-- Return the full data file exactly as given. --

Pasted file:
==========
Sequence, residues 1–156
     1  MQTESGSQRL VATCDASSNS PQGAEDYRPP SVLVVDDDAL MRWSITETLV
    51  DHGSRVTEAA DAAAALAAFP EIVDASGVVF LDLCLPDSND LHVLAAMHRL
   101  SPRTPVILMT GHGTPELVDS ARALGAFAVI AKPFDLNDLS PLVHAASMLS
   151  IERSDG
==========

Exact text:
Sequence, residues 1–156
     1  MQTESGSQRL VATCDASSNS PQGAEDYRPP SVLVVDDDAL MRWSITETLV
    51  DHGSRVTEAA DAAAALAAFP EIVDASGVVF LDLCLPDSND LHVLAAMHRL
   101  SPRTPVILMT GHGTPELVDS ARALGAFAVI AKPFDLNDLS PLVHAASMLS
   151  IERSDG